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What determines team performance on a project?

Daniel J. Power
Editor, DSSResources.com

Some project teams perform better than others? Why? A project team is a group of people assigned to work on a project. Team member attitudes and abilities, skills, team processes, tools, and team leadership determine team performance. Also, the project environment can hinder or support project success. Overall, team performance on a project depends upon developing an environment of trust, learning, collaboration, and conflict resolution within the team and with stakeholders. Such a work environment promotes team self-organization, enhances relationships among team members, and cultivates a culture of high performance. Performance is better when striving for excellence is the primary goal of the team. During project delivery, it is important for members to continue developing their skills and knowledge.

Research suggests that the more a team develops as a cohesive group, learns together, and collaborates, the better the performance of the team on a project. Motivated, competent teams have better performance than mediocre, demotivated teams. Leaders should strive to develop the competencies of people on a team and ensure the most competent people have the most influence on a team's actions and decisions. Collaborative leaders are important to team performance. A collaborative leader is a person who seeks out a diversity of opinions and ideas among teammates to build strategies and solve problems. Projects fail for many reasons including 1) lack of efficient and effective communication, 2) lack of responsive decision making, 3) lack of needed technical skills and 4) lack of effective teamwork.

Teams that have worked together on other projects have developed behaviors and relationships that influence performance in both good and bad ways. One should consider prior experiences and successes of people when assembling and creating project teams. Successful teams are "highly cohesive", members are committed to each other, and the project. On a committed team, the members often strive for excellence. Striving for excellence improves performance and outcomes. Also, effective communication within a team is crucial to developing a high performing team. A stable, manageable group of skilled people is also important to team success. A team committed to self-organizing process management and agile principles also contributes to project excellence and success.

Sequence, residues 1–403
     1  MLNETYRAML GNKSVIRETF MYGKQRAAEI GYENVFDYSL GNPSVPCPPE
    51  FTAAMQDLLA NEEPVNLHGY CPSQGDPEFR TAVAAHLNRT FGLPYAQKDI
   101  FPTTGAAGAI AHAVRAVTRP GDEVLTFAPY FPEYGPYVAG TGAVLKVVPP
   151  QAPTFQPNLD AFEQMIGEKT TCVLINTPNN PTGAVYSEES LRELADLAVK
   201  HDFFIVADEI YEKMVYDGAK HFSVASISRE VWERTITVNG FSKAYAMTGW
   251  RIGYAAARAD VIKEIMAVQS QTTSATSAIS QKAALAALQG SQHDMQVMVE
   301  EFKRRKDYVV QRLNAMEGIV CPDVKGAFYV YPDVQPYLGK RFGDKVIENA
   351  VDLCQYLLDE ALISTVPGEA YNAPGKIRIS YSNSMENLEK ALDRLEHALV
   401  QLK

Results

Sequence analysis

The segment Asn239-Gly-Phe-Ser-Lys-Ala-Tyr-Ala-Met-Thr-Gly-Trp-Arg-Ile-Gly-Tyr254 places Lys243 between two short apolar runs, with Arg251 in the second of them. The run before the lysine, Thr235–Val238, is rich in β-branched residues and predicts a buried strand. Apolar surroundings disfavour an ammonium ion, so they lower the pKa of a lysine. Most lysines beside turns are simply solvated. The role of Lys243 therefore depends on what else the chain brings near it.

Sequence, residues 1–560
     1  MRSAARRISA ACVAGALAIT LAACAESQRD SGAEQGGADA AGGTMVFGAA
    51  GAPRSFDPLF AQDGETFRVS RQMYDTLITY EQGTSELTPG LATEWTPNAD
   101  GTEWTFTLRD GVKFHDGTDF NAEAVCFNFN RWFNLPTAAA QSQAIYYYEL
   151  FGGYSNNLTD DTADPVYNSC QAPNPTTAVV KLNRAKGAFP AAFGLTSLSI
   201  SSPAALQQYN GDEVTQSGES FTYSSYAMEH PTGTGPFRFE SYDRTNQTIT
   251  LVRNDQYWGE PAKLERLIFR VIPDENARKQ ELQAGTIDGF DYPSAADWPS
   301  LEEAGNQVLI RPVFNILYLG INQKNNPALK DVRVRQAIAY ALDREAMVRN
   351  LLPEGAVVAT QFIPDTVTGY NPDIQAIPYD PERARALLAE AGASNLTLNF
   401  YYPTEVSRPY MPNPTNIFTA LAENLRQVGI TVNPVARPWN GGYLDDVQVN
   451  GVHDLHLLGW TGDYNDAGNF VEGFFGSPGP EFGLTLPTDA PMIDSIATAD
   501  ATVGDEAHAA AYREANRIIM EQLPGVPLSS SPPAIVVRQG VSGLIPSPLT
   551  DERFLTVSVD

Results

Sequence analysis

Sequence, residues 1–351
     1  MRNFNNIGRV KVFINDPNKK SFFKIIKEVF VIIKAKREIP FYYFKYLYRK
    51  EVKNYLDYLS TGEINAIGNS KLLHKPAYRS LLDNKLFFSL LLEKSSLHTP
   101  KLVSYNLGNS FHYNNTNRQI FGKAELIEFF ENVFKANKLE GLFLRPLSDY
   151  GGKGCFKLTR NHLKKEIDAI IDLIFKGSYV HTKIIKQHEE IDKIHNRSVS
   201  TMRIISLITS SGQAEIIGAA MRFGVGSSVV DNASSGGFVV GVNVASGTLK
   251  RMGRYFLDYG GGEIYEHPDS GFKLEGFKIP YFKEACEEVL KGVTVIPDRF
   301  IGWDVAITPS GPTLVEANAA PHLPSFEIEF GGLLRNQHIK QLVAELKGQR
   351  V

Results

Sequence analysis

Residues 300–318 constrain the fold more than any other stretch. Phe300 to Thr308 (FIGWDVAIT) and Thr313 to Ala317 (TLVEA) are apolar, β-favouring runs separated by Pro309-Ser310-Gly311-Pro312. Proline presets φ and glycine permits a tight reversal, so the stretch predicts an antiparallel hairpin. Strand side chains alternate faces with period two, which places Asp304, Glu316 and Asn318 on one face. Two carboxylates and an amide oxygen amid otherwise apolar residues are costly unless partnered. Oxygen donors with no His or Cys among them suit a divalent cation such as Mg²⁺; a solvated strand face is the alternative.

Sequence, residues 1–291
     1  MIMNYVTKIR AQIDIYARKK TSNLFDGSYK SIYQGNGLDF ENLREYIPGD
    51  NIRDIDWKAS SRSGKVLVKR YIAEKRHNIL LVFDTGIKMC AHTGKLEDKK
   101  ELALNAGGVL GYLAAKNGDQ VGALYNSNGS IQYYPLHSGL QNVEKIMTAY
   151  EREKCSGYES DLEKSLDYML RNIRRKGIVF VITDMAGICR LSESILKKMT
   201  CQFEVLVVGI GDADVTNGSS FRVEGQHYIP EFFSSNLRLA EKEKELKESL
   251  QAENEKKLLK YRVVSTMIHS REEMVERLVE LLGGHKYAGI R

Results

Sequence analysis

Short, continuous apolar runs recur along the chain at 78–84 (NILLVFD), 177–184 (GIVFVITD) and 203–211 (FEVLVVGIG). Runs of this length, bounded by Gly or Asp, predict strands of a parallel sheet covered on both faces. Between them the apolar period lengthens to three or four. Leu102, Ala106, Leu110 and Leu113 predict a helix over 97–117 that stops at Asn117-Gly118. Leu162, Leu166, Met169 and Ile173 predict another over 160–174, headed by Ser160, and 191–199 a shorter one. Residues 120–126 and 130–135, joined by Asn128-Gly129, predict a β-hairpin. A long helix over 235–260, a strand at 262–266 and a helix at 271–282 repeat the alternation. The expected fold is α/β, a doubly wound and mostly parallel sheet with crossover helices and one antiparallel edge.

Many factors can affect how well groups and teams perform. People, their attitudes, skills, and processes especially determine project success. Talented individuals on an engaged and highly motivated team are the key to achieving project objectives. A high-performance project team is composed of members who know each other well and understand each other's strengths and weaknesses. The members genuinely respect and care about each other. Each member believes in the project's objectives and strives for excellence. On a "good" team, members hold each other accountable and work to continuously improve skills and performance. Finally, members of great teams celebrate big and small wins and learn from failure.

A study of teams at Cisco found there are three key areas that distinguish the best teams: 1) teammates perform tasks that play to their strengths, 2) high-performing teams have high levels of trust and safety, and 3) team members share a sense of "how they can win together", cf., Hammett (2019). Research participants in the Cisco study (Bradley, et al, 2013) expressed the opinion that the collective intelligence and diverse perspectives of people working together creates better overall results.

According to a study by Pentland (2012), the ideal team player circulates "actively, engaging people in short, high-energy conversations. They are democratic with their time—communicating with everyone equally and making sure all team members get a chance to contribute. They’re not necessarily extroverts, although they feel comfortable approaching other people. They listen as much as or more than they talk and are usually very engaged with whomever they’re listening to. We call it 'energized but focused listening'. The best team players also connect their teammates with one another and spread ideas around. And they are appropriately exploratory, seeking ideas from outside the group but not at the expense of group engagement."